Sunday, July 14, 2013

Oakland Public Conservatory of Music to represent the United States in Peru at the 5th Encuentro Internacional de Musica y Danza Afrodescendiente.

Press Release July 13, 2013

Oakland Public Conservatory of Music 
Youth to Represent U. S. in Lima, Peru 

Paul Adan, piano student, was not included in original email. 
That correction has been made. 

OAKLAND, CA July 12, 2013 - Young musicians of the Oakland Public Conservatory of Music have been chosen to represent the United States at the 5th Encuentro Internacional de Musica y Danza Afrodescendiente. 

The Oakland Public Conservatory of Music (OPC) has been invited to Peru as the official representative from the U.S. in a very important cultural exchange that highlights the music and dance of Africans in the Diaspora, August 5 -11, 2013.  
The city of Lima will hold the Seminar for Afrodescendants and Cultural Paradigms and the 1st Festival of Music and Dance of Afro-descendants. With the help of Cotitonach Productions and the Center of Ethnic Studies (CEDET) in Lima, the U. S. Embassy in Peru is supporting OPC's trip to Peru. This action taken by the U.S. Embassy in Lima is unprecedented. In the past the embassy has covered costs for one person, but to cover all expenses for four persons breaks the paradigm. 

The journey is the outcome of a growing relationship between OPC and world-renowned Afro-Peruvian musician, Juan Medrano Cotito. Cotito was artist-in-residence at OPC's Summer Music Academy in 2011 and 2012. He and his wife, Nachi Bustamante, spent 4 weeks OPC last summer and upon their return to Lima in August they quickly got busy working on garnering support from the American Embassy in Lima to bring OPC students Amina Scott, Paul Adan, Ayinde Webb, Vinkya Hunter, Carolina Gonzalez, Tracy Fitzsimmons, Victor McElhaney, Adam Lankford and Founding Director, Angela Wellman, to share the vibrant story of the Public Conservatory. Cotito's desire is to share the story of OPC with the Afro-Peruvians and especially with the Afro-Peruvian youth. He says, "We want our youth to learn from OPC youth and see what they, too, can accomplish."  OPC's activities will include concerts and workshops in Lima, Chincha and the José María Arguedas National School of Folklore.   

Ms. Wellman will also present a scholarly paper at the Fifth Seminario Internacional: Paradigmas Culturales de los Afrodescendientes. Her paper, Music of the People, for the People, by the People: The Birth of the Public Conservatory Movement. Musica de la Gente, para la Gente, por la Gente: El Nacimiento del Movimiento del Conservatorio Publico, introduces the Public Conservatory Movement and focuses on the creation of the first Public Conservatory of Music, she established in 2005 in Oakland, CA.  Ms. Wellman hopes to open other Public Conservatories of Music in other cities. About the Public Conservatory Movement, Wellman explains, "It is a movement that seeks to illuminate, through intensive music education, the musical contributions of African descendants in the Americas. I hope to open other Public Conservatories in other cities. OPC is the first."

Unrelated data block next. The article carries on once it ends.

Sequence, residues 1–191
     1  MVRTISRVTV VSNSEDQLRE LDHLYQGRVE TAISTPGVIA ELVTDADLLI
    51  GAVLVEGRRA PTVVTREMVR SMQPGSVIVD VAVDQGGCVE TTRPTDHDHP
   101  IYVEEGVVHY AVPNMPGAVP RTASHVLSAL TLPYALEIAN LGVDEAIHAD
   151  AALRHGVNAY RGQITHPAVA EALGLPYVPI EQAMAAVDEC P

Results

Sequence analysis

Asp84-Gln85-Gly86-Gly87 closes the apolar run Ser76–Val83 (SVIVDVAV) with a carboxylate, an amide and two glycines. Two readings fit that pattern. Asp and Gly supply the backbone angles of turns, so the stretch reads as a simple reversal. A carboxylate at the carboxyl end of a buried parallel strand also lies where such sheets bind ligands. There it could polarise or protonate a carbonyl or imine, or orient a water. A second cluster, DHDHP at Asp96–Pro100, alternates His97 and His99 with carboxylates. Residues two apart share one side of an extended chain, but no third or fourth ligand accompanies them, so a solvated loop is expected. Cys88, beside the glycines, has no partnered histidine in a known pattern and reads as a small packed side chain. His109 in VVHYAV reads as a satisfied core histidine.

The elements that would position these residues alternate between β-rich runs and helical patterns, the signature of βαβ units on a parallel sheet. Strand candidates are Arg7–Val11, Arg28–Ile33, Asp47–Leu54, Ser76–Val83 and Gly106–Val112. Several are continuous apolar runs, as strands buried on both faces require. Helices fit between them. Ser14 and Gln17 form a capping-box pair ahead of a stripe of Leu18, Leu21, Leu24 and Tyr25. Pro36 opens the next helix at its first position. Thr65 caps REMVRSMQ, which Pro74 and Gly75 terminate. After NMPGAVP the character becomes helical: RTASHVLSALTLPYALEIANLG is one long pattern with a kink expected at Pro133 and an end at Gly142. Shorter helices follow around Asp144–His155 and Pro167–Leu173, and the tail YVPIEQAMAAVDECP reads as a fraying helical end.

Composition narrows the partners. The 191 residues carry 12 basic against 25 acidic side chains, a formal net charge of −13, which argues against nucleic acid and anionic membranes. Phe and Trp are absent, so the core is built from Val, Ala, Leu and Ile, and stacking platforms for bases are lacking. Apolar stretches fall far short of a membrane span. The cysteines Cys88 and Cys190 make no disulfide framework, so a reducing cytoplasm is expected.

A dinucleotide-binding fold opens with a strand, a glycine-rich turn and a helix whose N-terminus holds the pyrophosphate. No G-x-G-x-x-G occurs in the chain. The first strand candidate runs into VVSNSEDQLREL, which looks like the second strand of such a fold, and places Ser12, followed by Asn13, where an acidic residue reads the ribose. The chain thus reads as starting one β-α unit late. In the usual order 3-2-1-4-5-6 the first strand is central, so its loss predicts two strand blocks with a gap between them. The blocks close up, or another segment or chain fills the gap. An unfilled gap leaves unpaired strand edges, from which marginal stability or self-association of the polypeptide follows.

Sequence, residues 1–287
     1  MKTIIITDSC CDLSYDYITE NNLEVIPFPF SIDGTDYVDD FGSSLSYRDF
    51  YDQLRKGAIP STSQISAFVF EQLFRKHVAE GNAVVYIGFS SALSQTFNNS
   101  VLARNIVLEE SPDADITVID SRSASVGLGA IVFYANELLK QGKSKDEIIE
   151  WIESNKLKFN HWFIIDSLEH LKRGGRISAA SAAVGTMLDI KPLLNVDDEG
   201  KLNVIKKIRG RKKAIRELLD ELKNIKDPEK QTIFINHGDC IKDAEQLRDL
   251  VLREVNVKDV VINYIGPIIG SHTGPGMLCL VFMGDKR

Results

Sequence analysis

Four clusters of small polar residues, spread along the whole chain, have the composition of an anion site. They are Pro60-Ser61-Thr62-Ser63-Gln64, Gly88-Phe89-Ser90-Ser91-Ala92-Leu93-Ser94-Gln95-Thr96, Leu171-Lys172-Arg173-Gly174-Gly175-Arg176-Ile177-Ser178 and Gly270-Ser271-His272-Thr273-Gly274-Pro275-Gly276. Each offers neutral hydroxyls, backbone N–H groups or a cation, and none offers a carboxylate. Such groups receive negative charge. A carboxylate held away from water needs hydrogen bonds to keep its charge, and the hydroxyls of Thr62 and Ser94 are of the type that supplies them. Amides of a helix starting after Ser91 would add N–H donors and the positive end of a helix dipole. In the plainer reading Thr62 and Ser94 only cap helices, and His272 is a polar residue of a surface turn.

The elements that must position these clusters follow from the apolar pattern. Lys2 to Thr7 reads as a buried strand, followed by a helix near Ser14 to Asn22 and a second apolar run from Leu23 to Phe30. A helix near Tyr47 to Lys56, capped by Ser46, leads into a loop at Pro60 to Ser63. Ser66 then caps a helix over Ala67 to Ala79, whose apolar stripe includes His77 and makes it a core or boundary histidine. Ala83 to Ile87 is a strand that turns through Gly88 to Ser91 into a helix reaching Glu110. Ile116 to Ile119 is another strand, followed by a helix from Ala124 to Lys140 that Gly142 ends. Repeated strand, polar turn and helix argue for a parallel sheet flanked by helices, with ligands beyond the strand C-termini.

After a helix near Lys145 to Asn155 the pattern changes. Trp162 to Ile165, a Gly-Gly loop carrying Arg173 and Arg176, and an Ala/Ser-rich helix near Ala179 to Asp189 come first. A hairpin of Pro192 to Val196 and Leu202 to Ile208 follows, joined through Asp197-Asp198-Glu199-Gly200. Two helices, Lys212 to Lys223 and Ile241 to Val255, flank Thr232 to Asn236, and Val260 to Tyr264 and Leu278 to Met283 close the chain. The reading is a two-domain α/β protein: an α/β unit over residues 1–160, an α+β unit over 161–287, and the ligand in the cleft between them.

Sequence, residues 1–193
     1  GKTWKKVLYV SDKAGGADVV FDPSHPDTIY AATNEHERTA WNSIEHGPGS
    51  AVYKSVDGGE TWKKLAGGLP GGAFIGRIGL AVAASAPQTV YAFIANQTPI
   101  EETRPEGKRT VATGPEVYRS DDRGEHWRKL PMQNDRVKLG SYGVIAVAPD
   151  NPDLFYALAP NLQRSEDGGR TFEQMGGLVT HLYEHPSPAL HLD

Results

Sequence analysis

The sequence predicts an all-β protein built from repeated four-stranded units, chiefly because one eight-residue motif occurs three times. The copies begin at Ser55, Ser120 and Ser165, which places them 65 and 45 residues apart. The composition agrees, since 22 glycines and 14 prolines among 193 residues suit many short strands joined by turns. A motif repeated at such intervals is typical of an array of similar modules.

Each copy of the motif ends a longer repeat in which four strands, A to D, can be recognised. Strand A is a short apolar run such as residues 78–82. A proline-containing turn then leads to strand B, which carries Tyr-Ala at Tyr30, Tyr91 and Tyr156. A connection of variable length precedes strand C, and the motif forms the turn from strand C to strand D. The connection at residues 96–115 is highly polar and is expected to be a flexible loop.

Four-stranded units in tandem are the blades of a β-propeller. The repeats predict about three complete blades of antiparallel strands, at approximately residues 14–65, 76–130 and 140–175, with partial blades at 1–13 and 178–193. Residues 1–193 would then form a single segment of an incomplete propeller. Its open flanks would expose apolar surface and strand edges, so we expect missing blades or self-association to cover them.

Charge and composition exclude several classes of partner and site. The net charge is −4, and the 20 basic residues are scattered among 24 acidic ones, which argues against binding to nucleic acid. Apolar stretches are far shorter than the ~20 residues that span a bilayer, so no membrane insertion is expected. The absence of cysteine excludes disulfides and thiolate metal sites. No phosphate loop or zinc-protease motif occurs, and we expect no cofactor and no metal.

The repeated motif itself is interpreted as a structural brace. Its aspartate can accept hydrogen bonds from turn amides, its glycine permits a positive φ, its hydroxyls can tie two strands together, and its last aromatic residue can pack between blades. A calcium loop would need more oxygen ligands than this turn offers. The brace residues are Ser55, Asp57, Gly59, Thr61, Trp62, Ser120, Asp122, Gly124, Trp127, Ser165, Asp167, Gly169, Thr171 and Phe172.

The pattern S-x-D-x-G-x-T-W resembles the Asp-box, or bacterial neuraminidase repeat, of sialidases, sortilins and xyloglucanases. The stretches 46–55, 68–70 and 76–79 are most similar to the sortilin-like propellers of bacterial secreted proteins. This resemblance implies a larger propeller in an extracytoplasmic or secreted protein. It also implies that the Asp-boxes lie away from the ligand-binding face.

To raise funds for their travel expenses, OPC has mounted a campaign on Indiegogo. To donate go to:

Angela Wellman and the youth musicians are available for interviews. 
To schedule, call Laurie Cahn: (415) 608-4092

The Oakland Public Conservatory of Music opens the world of music to all through access to quality instruction in a nurturing environment.  OPC provides economical study in a variety of musical arts. OPC values rigor, innovation and scholarship in its quest to preserve the musical traditions of Oakland. Its music and educational process resonates with the aspirations of the community and its native artists by reclaiming spirit and culture, illuminating ancestral authenticity. 

Contact OPC
On the web: http://www.opcmusic 
Phone: (510) 836-4649

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